Reviewing the Blood Seeking Demon

dracula Merriam-Webster defines “Dracula” as “one who maintains a relationship like that of a vampire toward another by sapping his physical or emotional strength.” Upon the thought of the Dracula novel, that is nearly exactly what comes to mind. Dracula is a blood-searching demon that thrives on the blood of others to maintain life in his later years. Bram Stoker wrote Dracula during the late 1800’s during what was the “potato famine” worldwide. It was a period of starvation and hunger and the “walking dead” period. The time was rough, the people were struggling, but Bram Stoker’s novel nearly fit into the way the nation was behaving.
Bram Stoker’s novel is a collection of letters, papers, and journals. Different characters write each entry, which helps build suspense throughout the story. In my opinion, the evil vampire is an example of a life not walking down the Christian path, but putting Christ in their rear view mirror. The life that attempts to drag others down the wrong path with them. The only way the terror can be halted, is if the Christ followers destroy the darkness surrounding them. Dracula takes several characters, mainly women, down his path until Professor Abraham Van Helsing uses his wit to bring the culprit to rest.
One detail that struck out to me throughout the novel was the use of sexual interaction. Yes, it added details and pointed out the negative features of these demons, specifically Dracula, but could they not have been explained less? In my opinion, there were several details readers could have been fine without knowing. For example, early in the novel there was a group of sisters who felt sexually attracted to John Harker. Mr. Stoker described this scene as if it were very important to the outcome of the novel. On the other side, a detail that Stoker could have used more is Christian icons. The icons appear periodically, but were not described with great detail. As Van Helsing said later in the novel, that he is a “minister of God’s own wish.” Another key example of Christian icons that was not explained in great detail was the effect that crosses and scripture had on Dracula.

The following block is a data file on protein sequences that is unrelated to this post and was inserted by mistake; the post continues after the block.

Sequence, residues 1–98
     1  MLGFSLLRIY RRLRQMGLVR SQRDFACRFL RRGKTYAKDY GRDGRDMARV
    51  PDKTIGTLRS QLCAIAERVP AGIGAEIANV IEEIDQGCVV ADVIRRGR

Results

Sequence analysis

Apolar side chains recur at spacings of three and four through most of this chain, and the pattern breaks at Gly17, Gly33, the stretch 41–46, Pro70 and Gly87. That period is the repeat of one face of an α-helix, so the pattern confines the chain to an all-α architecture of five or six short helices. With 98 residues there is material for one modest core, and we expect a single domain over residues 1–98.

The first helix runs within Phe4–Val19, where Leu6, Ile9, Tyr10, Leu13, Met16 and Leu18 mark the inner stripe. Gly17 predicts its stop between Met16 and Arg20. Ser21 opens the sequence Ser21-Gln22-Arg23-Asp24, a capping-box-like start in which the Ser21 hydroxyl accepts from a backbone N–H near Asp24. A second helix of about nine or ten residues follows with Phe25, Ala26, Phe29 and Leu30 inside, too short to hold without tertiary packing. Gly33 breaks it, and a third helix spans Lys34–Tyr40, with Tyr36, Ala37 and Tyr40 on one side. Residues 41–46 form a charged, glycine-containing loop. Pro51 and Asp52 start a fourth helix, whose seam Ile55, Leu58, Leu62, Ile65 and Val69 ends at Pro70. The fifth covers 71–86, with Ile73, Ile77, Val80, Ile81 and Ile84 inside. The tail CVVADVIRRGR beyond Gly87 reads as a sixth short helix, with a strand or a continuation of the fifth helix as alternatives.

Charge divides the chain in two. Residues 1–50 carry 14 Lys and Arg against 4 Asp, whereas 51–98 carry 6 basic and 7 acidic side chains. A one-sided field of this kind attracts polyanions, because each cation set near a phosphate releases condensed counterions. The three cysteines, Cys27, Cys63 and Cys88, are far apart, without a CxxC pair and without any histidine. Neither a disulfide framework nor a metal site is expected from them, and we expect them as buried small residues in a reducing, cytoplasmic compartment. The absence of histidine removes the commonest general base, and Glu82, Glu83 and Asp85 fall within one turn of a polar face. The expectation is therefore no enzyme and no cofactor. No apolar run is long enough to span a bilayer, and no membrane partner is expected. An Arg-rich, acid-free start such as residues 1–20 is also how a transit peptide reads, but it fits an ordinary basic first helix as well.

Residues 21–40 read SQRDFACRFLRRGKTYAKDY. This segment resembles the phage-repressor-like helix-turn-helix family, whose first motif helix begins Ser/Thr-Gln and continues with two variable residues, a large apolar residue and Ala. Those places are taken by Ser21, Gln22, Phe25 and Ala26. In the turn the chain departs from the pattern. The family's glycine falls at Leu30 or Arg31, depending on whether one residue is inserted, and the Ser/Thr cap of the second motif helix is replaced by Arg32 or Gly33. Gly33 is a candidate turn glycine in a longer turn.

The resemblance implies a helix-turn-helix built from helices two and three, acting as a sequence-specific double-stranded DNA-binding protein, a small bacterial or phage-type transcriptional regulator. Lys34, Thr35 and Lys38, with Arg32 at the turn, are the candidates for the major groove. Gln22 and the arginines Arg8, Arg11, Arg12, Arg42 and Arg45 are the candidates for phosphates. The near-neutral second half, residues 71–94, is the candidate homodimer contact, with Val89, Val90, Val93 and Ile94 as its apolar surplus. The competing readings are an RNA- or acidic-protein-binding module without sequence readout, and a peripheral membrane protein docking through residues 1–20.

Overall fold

This book appealed to me in an emotional way. Dracula took me back in history to the period in which it was written. The story gave me a sense of what it must have been like to live in the late 1800’s-early 1900’s. The detail the author provided really kept me entertained. He kept the story understandable, even to people who know little about the time in which the novel was wrote. Dracula has all the requirements to keep it read by each generation of horror fans. Do not be expecting a modern day love story when you dive into this book or you will be in for quite the surprise! Dracula is a must read!
Works Cited
“Dracula.” Merriam-Webster, n.d. Web. 25 Sept. 2013. .
SparkNotes Editors. “SparkNote on Dracula.” SparkNotes LLC. 2003. Web. 19 Sept. 2013
Stoker, Bram. Dracula. 1897. New York: Oxford University Press, 1990.

By zdurham14

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